Everyone’s Talking About Massamba


Though his performance was only an hour, Massamba Diop’s visit to campus is still resonating.

As a part of  Williston’s observation of Martin Luther King Jr. Day, the community was treated with an outstanding performance by Massamba Diop and his ensemble. Diop is a world-renowned master of the tama, a talking drum from Senegal, West Africa known for its replication of human sounds.

Diop’s visible mastery and the significant role of the talking drum in many African cultures resulted in Swedish composer, Ludwig Gorensson, recruiting him for the distinguished score of Marvel’s “Black Panther: Wakanda Forever.”

Before his feature in the 2022 superhero action film, Diop made his musical claim-to-fame as a founding member of the band Daande Lenol (The Voice of the People). Alongside Diop, the group included esteemed Sengalese musician Baaba Maal. Over the past decades, this group has traveled the world, released dozens of notable albums, and transformed the global music scene; the group’s album “Firin in Fouta,” was nominated for a Grammy award in 1996.

Not only has Diop worked with his own band and crafted widely acclaimed hits, but he has worked closely with famous artists such as James Brown, Herbie Hancock, Carlos Santana, and Harry Belafonte.

The Williston community can thank three-year senior Siga Pouye for making this day possible. Siga and her family are close friends of Diop, and as he so lovingly puts it on stage, after inviting her up in front of the whole school, “she is like my niece.”

“Bringing Massamba to campus was possible with the help of Ms. [Nikki] Chambers who helped with the coordination and communication,” Siga told The Willistonian. “The idea originally came to me in a BSU [Black Student Union] meeting when the group was talking about the new “Black Panther” movie. My dad had recently sent me photos of Massamba meeting the actors from the movie as well as a screenshot of him in one of the scenes. I was thinking about how special of an opportunity it would be to share my African culture with the school especially with the new movie just coming out.”

Siga said the “Black Panther” franchise has been especially meaningful to the Black community, and Siga was eager to give students a glimpse into that same cultural sound Diop was able to lend to the movie.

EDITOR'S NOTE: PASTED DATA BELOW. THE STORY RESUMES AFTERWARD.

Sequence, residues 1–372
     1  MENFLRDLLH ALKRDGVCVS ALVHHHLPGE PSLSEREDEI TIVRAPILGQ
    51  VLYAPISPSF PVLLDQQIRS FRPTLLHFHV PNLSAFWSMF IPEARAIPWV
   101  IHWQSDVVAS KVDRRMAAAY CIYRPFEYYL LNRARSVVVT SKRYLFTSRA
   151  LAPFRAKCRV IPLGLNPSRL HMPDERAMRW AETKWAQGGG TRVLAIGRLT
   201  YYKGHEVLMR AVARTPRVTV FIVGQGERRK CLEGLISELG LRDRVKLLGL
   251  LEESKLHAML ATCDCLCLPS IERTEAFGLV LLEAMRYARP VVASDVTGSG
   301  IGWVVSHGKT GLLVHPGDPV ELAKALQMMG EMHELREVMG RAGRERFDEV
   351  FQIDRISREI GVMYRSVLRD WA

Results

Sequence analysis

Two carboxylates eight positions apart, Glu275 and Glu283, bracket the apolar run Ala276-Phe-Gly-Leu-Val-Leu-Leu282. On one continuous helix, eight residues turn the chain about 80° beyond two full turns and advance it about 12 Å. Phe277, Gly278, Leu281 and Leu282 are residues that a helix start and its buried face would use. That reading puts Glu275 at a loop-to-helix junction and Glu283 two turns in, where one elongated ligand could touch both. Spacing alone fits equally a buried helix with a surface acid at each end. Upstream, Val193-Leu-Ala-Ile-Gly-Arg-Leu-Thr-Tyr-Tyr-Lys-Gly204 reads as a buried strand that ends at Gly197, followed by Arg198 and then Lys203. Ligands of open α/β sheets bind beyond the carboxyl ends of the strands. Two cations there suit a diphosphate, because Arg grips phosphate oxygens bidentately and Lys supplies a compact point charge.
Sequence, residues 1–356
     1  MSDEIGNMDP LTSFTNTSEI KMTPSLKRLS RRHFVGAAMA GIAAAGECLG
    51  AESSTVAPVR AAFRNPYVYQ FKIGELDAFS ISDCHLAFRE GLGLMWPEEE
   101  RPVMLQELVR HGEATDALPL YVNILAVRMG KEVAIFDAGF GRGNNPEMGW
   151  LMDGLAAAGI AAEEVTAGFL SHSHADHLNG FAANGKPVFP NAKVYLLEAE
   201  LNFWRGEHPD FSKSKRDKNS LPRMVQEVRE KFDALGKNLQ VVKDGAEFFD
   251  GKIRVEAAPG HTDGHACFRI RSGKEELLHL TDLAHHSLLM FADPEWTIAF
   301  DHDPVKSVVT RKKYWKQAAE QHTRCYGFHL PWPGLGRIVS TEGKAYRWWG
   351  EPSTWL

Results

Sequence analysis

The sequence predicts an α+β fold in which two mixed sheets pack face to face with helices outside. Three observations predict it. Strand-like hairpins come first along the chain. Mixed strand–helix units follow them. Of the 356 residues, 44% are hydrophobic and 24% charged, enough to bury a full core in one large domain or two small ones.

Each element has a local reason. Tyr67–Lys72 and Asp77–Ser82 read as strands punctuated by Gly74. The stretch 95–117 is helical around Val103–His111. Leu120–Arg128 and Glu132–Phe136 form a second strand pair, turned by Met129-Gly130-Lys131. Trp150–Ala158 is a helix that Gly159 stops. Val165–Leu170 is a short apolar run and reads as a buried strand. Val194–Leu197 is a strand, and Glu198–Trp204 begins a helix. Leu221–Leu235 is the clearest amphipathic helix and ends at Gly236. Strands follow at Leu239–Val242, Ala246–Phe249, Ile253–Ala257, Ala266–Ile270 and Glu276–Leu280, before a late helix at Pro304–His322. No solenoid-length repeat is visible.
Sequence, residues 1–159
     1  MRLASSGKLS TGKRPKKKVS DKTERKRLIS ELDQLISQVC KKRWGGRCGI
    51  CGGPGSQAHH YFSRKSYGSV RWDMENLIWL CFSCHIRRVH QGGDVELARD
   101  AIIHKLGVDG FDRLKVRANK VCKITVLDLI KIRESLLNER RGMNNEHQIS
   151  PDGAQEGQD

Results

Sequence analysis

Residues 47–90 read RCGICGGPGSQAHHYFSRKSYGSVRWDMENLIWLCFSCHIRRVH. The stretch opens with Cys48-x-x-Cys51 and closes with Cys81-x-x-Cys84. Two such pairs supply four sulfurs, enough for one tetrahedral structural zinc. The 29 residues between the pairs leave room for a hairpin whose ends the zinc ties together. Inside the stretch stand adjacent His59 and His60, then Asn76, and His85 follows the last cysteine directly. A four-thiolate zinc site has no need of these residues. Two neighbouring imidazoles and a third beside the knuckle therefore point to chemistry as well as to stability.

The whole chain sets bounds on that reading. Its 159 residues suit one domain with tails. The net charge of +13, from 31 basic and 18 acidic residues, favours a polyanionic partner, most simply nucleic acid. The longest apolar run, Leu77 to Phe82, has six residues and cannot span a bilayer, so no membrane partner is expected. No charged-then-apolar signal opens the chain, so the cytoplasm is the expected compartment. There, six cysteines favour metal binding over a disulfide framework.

After coordinating with Chambers, the school extended the invitation for Diop to perform at the Jan. 16 assembly.

“I was worried people would judge and think it was weird because the tama [the talking drum] has such a unique sound,” Siga said. “I’m incredibly grateful for how well the school accepted Massamba at the assembly and for how much fun everyone had!”

Williston senior, Max Graff was inspired by Diop’s crowd-rallying show, motivating him to participate in post-concert question-and-answer segment. Impressed by his energy, Diop invited Max to accompany his dancing on stage.

“It felt like a normal Williston assembly at first,” Max said. “However, as it continued, Massamba’s energy pulled me in. The way he interacted with the crowd through rhythmic hand movement really excited me. Whenever Williston hosts an assembly like that, I am more inclined to participate and interact with the performer.”

Not only does Diop travel the world sharing his beautiful sound, but also co-founded a cultural exchange program.

“In 1993, Massamba Diop and American percussionist Tony Vacca co-founded the Senegal-America project, a grassroots cultural exchange program which has sponsored various educational, health care, and artistic initiatives in Senegal, and has provided an important venue for African musicians in the States. Diop and Vacca tour each year with a variety of performances, school programs, and workshops, from their Northampton, Mass., base,” according to Diop’s bio on the Atlanta Symphony Orchestra website.